One month after fracturing his hip during a bike ride, UConn head coach Jim Calhoun officially called it quits at a live press conference in Gampel Pavilion.

“It’s time,” Calhoun said. “It’s time to move forward. There’s been a lot of things swirling around for some time. It’s time to move forward.”

Moving forward, Kevin Ollie will be next looming figure on the Huskies sideline. For two years, Prince Ollie’s manifest destiny has been one of the worst kept secrets in sports.

Ollie faces a colossal challenge. Despite winning three national championships, the next few seasons will decide whether UConn is has ascended into the perennial blue chip programs that will stand the test of time such as North Carolina, Kentucky and UCLA or if Jim Calhoun’s King Midas’ touch was only temporary.

Replacing a legend is never easy.  It’s even tougher when you’re expected to directly follow that legend.  While they were successful, the accomplishments of Kentucky’s Bill Guthridge, and Kentucky’s Joe B. Hall are hidden in the overbearing shadows of predecessors Dean Smith and Adolph Rupp.

Calhoun’s coaching touch transformed a small northeastern Connecticut school into a basketball powerhouse that has become accustomed to winning Big East titles and Final Four trips. In 1979, the UConn became one of the Big East’s seven founding members. That same year, 40 miles away, the Entertainment Sports Programming Network-otherwise known as ESPN-launched.

The simultaneous emergence of ESPN became a recruiting boon, which the university used to its advantage. More importantly, their proximity to New York City enabled the school to use its geographic advantage to tap into the well of talent. Their magical carpet ride to the 2011 National Championship was piloted by Bronx combo guard Kemba Walker and on Sept. 2, the Huskies secured a commitment from Brooklyn point guard Terence Samuels.

Ironically, Calhoun’s first national title didn’t come at the Final Four but rather in Madison Square Garden where Huskies Calhoun won the ’88 NIT. While Calhoun strolled down memory lane in his thick Bwastan accent, there was one thing that he rarely discussed. The future.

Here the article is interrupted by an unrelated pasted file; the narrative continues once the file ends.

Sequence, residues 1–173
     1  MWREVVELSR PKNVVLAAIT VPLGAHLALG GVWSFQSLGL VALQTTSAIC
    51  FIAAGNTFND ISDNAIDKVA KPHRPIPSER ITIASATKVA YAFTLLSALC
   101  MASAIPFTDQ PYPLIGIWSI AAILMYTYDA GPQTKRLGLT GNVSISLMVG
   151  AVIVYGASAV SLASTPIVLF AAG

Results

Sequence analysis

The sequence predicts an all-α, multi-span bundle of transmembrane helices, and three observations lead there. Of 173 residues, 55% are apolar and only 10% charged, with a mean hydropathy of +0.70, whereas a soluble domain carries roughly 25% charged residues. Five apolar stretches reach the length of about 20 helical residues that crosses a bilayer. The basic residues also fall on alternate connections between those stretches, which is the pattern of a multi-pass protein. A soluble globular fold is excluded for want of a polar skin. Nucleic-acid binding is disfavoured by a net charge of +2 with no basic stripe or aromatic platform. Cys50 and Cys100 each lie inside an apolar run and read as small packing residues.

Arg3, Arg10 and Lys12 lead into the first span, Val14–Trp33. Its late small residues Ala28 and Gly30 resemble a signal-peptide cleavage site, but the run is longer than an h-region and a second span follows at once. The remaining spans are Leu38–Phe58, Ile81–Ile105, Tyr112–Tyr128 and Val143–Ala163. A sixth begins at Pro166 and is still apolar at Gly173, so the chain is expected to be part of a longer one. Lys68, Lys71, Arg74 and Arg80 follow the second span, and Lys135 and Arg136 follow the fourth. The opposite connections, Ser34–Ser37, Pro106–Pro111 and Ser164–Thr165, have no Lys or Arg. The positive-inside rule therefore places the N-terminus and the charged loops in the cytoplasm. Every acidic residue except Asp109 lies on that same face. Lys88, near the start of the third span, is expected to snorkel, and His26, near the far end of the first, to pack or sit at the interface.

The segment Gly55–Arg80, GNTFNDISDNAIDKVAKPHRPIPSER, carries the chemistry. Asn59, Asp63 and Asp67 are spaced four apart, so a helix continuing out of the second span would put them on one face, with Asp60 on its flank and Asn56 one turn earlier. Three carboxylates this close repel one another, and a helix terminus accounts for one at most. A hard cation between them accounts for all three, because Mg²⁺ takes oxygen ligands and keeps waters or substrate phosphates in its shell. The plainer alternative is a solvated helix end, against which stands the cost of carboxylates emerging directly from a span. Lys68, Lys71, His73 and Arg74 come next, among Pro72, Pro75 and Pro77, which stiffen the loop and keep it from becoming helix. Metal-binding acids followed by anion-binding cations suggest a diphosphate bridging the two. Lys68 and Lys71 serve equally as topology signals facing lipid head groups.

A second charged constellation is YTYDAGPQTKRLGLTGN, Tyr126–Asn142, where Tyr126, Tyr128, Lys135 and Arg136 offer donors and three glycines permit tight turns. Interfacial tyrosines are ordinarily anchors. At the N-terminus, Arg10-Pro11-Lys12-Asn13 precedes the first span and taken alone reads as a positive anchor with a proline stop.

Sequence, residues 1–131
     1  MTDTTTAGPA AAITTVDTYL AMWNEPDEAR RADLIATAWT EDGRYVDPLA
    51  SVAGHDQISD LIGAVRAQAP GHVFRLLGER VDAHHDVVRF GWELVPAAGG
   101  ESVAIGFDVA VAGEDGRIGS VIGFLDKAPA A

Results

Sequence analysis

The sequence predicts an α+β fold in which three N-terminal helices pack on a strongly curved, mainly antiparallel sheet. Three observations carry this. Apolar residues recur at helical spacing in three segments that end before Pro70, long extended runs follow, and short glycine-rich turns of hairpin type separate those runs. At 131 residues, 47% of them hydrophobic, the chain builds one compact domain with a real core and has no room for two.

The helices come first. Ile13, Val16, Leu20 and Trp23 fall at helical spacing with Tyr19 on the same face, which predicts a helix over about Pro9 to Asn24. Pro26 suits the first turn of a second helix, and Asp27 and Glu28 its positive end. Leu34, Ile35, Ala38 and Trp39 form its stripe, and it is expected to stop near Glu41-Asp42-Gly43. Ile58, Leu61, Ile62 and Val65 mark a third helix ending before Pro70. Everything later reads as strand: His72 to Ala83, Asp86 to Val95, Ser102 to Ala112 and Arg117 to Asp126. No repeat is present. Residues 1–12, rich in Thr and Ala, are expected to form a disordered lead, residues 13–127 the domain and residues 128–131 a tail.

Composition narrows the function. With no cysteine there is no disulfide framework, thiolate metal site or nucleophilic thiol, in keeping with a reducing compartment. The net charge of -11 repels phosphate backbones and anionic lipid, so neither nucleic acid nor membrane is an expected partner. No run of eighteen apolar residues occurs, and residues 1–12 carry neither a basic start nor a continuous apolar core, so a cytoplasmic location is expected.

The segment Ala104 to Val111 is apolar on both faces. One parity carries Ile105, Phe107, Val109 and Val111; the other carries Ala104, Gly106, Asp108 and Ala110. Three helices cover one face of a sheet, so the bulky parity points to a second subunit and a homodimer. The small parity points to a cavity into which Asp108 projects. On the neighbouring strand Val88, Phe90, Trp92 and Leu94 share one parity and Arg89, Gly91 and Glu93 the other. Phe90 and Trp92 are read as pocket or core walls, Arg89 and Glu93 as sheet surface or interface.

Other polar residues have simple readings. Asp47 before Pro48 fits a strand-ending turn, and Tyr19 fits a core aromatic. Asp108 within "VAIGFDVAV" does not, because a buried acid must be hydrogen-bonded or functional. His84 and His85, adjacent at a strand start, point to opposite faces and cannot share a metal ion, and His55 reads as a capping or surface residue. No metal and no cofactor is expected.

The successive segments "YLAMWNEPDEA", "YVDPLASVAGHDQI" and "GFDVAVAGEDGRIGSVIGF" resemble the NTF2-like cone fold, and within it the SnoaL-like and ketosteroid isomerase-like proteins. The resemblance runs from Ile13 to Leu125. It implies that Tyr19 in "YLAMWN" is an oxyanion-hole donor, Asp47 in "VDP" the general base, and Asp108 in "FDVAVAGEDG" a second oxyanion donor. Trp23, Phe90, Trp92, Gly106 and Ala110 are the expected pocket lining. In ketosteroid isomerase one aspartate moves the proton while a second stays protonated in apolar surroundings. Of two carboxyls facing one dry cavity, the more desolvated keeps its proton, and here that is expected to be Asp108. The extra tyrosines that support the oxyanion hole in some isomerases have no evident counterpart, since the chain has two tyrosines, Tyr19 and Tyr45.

Sadly, Calhoun leaves at a time when the Big East’s golden era is taking a pounding. On Wednesday, the Golden Domers announced their conference exit, joining Pittsburgh and Syracuse in the ACC.

Next season, UConn will return returning leading scorer Shabazz Napier but the program will have a giant roadblock in its way as a result of a postseason ban due to the NCAA’s new Academic Progress Rate rule.

Ollie will reign over a depleted roster, which lost Andre Drummond and Jeremy Lamb to the first round of the NBA Draft following a disappointing 20-14 campaign.

The program still faces more uncertainty as athletic director Warde Manuel was only willing to give Ollie a one-year contract.

Ollie will be handicapped by the program’s restrictions, the exodus of talent, the rockiness of a coaching transition and his time bomb of a contract.

Calhoun spoke glowingly about keeping the head coaching job in-house at UConn but in a year Ollie will have to watch his back as the athletic department pursues more high profile, proven names such as VCUs Shaka Smart or Rhode Island’s Dan Hurley.

Ollie wasn’t even the most popular candidate on UConn’s campus where many have fantasized about giving seven-time national women’s basketball champion Geno Auriemma a chance to roam the men’s sideline.

“Geno’s always pushing you. ‘We don’t play girls’ basketball, we play basketball.'” former Lady Huskies star and current assistant coach Shea Ralph once opined.

Besides the potential candidates Calhoun will also hover over the program meaning his shadow will be larger than Smith and Rupp’s.

“I’ll miss the gym greatly. But I can’t and I won’t get away from basketball,” said Calhoun. “And I will be at practice.”

Calhoun’s three national champions, 618 wins and the NBA talent he has produced are etched in stone (unless the NCAA decides otherwise) but the future is as difficult to read as the unintelligible Harvard accent that the 70-year-old joked almost forced him to hire a translator in 1986.

Calhoun’s bunker mentality is a great platitude but there’s no definitive evidence that it’s good business.

Indiana’s Mike Davis, who succeeded Bob Knight at Indiana and Arizona’s Kevin O’Neill, Lute Olsen’s handpicked successor are prime examples about the dangers of hiring from within.

Conversely, keeping your friends close and enemies closer has proven to be beneficial for great programs.

Kentucky’s Rick Pitino discovered the grass is always bluer on the other side of the Bluegrass Rivalry after he was hired to supplant the retiring Denny Crum at Louisville. Bill Self was lured from Big 12 rival Oklahoma State after Roy Williams took his talents to the Tar Heels. UConn’s expectations have changed since May 16, 1986 and Final Fours are the barometer for successor.

According to The Boston Globe’s Jackie McMullan, in 1986, while UConn conducted its coaching search, Villanova coaching legend Rollie Massimino thought UConn would never hire a guy like him. He was wrong and 26 years ago, UConn hired the ultimate outsider. It’s too bad Calhoun forgot to do the same.